Linklaters and Allens have advised a KDDI-Sumitomo consortium on a tie-up with Myanmar’s Myanma Posts & Telecommunications (MPT) to develop and operate fixed and mobile phone networks in Myanmar. MPT was advised on the deal by Squire Patton Boggs.

The partnership between the Japanese firms and the state-owned agency will involve investing $2 billion over the next decade to expand telecommunications services in one of the world’s least-connected countries, where only 10 percent of the 65-million population use mobile phones.

Linklaters was led by corporate partners Stuart Bedford and Savi Hebbur, while Allens was led by Niranjan Arasaratnam, head of the firm’s technology, media and telecommunication group.

“This transaction represents one of the most significant international investments made in Myanmar to date, and the future success of the joint operations is critical to enable Myanmar’s rapid economic growth to continue,” said Bedford in a statement.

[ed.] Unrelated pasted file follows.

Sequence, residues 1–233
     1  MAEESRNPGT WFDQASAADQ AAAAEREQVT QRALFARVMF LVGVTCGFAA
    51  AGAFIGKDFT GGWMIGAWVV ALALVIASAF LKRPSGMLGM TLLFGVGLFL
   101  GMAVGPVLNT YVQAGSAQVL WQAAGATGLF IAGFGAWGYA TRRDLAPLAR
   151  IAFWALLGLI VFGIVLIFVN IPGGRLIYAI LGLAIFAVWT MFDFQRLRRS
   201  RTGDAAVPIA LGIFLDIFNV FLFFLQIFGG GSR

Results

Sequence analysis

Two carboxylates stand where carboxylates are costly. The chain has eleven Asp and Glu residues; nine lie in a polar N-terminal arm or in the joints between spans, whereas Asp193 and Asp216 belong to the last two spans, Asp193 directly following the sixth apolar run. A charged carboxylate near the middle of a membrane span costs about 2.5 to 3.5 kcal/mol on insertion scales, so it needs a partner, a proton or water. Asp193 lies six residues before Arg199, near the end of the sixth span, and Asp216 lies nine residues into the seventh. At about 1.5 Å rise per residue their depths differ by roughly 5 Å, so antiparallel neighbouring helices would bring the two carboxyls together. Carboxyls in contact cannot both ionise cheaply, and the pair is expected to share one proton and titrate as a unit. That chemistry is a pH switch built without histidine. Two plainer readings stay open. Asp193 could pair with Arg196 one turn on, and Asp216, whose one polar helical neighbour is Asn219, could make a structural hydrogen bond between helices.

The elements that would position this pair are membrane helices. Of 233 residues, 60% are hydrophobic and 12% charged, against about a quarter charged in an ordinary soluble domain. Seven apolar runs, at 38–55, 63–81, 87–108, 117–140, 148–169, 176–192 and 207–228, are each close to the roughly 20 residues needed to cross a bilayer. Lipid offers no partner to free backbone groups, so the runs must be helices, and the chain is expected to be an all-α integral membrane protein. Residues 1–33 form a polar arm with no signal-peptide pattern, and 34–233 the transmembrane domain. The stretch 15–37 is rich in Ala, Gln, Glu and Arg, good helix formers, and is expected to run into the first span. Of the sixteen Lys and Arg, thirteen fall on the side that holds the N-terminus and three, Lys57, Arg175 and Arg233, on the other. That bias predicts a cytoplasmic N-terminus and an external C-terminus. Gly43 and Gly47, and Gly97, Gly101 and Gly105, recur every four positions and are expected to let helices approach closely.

Japanese wireless carrier KDDI, and trading house Sumitomo, will spend on telecoms infrastructure and jointly operate mobile and broadband services with MPT –  currently the sole telecoms operator, and the industry regulator in Myanmar, according to Reuters.

Earnings from the Myanmar operation will be split roughly equally between the consortium – based in Singapore, and the Myanmar agency. “We’ll be able to reach profitability in a short period of time,” Yuzo Ishikawa, senior vice-president of KDDI, was quoted by Reuters as saying.

The alliance will face competition from Norway’s Telenor ASA and Qatar’s Ooredoo QSC, that won a tight bidding contest in 2013, and are now building their telecom networks in Myanmar. State-backed Yatanarpon, which has been primarily an Internet service provider till now, also holds a telecom licence.

The government plans to create a new regulator for the telecoms industry by 2015.